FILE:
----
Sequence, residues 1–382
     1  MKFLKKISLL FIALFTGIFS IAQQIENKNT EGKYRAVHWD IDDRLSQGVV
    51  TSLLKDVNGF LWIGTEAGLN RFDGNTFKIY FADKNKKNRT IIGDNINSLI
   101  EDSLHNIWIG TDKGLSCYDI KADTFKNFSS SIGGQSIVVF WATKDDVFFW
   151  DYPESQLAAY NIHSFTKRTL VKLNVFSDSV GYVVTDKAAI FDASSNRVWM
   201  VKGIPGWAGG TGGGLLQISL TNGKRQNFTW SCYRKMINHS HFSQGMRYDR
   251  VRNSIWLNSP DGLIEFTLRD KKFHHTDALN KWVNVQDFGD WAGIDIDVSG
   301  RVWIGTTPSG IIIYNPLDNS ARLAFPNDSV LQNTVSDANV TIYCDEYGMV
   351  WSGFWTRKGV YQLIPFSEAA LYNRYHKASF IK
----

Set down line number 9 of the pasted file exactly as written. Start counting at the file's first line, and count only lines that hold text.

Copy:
   351  WSGFWTRKGV YQLIPFSEAA LYNRYHKASF IK